At least 29 people were killed when a 7.2 magnitude earthquake struck Haiti on Saturday, and Prime Minister Ariel Henry said he was rushing aid to affected areas, where some towns were destroyed and hospitals were overwhelmed with wounded people.
The epicenter of the quake was about 125 kilometers (78 miles) west of the capital of Port-au-Prince, the U.S. Geological Survey said, and widespread damage was reported.
Jerry Chandler, Haiti’s director of civil protection, told The Associated Press that the death toll stood at 29 and that teams will be sent to the area for search-and-rescue missions.
Henry declared a one-month state of emergency for the whole country and said he would not ask for international help until the extent of the damages is known. He said some towns were almost completely razed and the government had people in the coastal town of Les Cayes to help plan and coordinate the response.
“The most important thing is to recover as many survivors as possible under the rubble,” he said. “We have learned that the local hospitals, in particular that of Les Cayes, are overwhelmed with wounded, fractured people.”
He said the International Red Cross and hospitals in unaffected areas were helping to care for the injured, and appealed to Haitians for unity.
“The needs are enormous. We must take care of the injured and fractured, but also provide food, aid, temporary shelter and psychological support,” he said.
U.S. President Joe Biden and Vice President Kamala Harris received a briefing on Saturday morning about the Haiti earthquake, according to the White House. Biden authorized an immediate response and named USAID Administrator Samantha Power as the senior official coordinating the effort.
A growing number of countries offered help, including Argentina and Chile, which said it was preparing to send humanitarian aid. ″Once again, Haiti has been hit by adversity,″ Chilean President Sebastian Piñera said.
Among those killed in the earthquake was Gabriel Fortuné, a longtime lawmaker and former mayor of Les Cayes. He died along with several others when his hotel, Le Manguier, collapsed, Haitian newspaper Le Nouvelliste reported.
Philippe Boutin, 37, who lives in Puerto Rico but visits his family annually in Les Cayes, said his mother was saying morning prayers when the shaking began, but was able to leave the house.
The earthquake, he said, coincided with the festivities to celebrate the town’s patron saint, adding that the hotel likely was full and the small town had more people than usual.
“We still don’t know how many people are under the rubble,” he said.
Humanitarian workers said information about deaths and damage was slow coming to Port-au-Prince because of spotty Internet service. Also complicating relief efforts was gang activity in the seaside district of Martissant, just west of the Haitian capital.
“Nobody can travel through the area,” Ndiaga Seck, a UNICEF spokesman in Port-au-Prince, said by phone. “We can only fly over or take another route.”
Seck said UNICEF planned to send medical supplies to two hospitals in the south — in Les Cayes and Jeremie.
The reports of overwhelmed hospitals come as Haiti struggles with the pandemic and a lack of resources to deal with it. Just last month, the country of 11 million people received its first batch of U.S.-donated coronavirus vaccines, via a United Nations program for low-income countries.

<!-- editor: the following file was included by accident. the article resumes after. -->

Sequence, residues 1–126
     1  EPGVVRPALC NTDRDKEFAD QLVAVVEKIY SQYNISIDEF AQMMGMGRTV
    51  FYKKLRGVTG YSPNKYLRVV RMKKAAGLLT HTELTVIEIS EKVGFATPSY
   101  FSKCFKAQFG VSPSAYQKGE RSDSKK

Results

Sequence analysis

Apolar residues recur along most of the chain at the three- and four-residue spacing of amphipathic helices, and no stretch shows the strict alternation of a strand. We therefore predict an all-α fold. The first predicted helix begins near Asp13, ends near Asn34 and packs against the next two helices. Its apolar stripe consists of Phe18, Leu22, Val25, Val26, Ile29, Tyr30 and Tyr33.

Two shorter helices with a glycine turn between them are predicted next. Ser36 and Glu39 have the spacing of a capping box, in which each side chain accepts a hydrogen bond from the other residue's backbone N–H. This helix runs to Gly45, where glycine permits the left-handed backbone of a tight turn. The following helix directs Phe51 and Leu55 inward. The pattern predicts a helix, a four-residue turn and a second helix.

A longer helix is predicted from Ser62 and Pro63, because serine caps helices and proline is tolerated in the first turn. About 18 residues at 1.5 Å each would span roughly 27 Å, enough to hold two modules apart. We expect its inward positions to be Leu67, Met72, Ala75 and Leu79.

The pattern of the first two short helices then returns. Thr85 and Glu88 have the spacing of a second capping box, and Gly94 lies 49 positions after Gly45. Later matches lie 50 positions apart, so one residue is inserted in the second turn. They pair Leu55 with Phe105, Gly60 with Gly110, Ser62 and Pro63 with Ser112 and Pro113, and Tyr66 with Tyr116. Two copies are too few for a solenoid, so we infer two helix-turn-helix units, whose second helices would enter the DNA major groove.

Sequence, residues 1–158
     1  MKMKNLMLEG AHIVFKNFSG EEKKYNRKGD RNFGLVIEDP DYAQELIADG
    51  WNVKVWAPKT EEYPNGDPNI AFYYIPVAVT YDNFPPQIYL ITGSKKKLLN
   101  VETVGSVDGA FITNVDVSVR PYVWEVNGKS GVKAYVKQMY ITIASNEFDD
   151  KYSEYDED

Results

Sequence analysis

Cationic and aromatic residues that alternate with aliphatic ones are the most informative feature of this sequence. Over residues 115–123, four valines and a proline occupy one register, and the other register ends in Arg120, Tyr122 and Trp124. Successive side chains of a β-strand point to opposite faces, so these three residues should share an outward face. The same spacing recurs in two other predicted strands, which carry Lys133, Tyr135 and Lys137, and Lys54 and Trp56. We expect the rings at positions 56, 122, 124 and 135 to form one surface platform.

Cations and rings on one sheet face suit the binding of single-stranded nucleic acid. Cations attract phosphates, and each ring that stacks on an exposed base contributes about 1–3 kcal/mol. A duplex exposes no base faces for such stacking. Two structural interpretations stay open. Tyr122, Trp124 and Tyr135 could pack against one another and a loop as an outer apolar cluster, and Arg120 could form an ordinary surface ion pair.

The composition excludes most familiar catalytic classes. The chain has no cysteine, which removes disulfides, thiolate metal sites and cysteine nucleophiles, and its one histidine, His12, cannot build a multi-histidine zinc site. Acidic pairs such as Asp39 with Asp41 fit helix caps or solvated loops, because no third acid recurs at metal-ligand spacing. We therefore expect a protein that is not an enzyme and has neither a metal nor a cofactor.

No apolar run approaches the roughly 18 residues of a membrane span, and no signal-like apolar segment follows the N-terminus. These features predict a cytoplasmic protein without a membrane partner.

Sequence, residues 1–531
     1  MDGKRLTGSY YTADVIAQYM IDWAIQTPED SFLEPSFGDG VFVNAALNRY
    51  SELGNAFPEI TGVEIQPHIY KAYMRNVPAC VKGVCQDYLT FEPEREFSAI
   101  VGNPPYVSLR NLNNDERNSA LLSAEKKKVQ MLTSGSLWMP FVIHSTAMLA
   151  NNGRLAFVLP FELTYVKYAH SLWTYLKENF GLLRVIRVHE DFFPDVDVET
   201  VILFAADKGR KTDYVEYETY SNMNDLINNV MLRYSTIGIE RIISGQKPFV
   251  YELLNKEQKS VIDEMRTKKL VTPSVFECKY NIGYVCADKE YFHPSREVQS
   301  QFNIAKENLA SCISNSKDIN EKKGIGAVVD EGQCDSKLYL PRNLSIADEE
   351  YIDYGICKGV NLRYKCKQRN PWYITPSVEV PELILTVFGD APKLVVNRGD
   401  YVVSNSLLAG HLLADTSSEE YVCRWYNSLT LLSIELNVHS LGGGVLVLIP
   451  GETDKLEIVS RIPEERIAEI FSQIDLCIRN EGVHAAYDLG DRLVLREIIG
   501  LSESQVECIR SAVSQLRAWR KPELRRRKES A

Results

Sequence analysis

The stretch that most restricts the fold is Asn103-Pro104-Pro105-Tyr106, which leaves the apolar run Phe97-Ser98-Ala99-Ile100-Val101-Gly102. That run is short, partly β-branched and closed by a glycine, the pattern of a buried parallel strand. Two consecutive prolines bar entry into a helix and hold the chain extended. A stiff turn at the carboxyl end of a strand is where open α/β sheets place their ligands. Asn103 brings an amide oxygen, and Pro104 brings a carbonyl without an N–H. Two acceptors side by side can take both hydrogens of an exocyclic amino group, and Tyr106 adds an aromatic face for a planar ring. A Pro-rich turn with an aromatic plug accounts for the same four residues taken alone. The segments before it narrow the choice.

Videos posted to social media showed collapsed buildings near the epicenter and people running into the streets.
People in Port-au-Prince felt the tremor and many rushed into the streets in fear, although there did not appear to be damage there.
Naomi Verneus, a 34-year-old resident of Port-au-Prince, said she was jolted awake by the earthquake and that her bed was shaking.
“I woke up and didn’t have time to put my shoes on. We lived the 2010 earthquake and all I could do was run. I later remembered my two kids and my mother were still inside. My neighbor went in and told them to get out. We ran to the street,” Verneus said.
Paul Caruso, a geophysicist with the USGS, said aftershocks likely will continue for weeks or months, with the largest so far registering a magnitude 5.2.
The impoverished country, where many live in tenuous circumstances, is vulnerable to earthquakes and hurricanes. It was struck by a magnitude 5.9 earthquake in 2018 that killed more than a dozen people, and a vastly larger magnitude 7.1 quake that damaged much of the capital in 2010 and killed an estimated 300,000 people.
The National Hurricane Center has forecasted that Tropical Storm Grace will reach Haiti late Monday night or early Tuesday morning.
The earthquake struck more than a month after President Jovenel Moïse was killed, sending the country into political chaos. His widow, Martine Moïse, posted a message on Twitter calling for unity among Haitians: “Let’s put our shoulders together to bring solidarity. It is this connection that makes us strong and resilient. Courage. I am always by your side.”
Humanitarian aid groups said the earthquake will add to the nation’s suffering.
“We’re concerned that this earthquake is just one more crisis on top of what the country is already facing – including the worsening political stalemate after the president’s assassination, COVID and food insecurity,” said Jean-Wickens Merone, spokesman for World Vision Haiti.
Catholic priest Fredy Elie, who began working with the Mission in Haiti Congregation after the 2010 earthquake, told the AP that access to the area is hindered by criminal gangs and was pleading for help.
“It’s time to open the road to those who want to help … They need help from all of us,” Elie said.
Webber contributed from Fenton, Michigan. Associated Press reporters Josh Boak in Washington and Trenton Daniel in New York contributed to this story.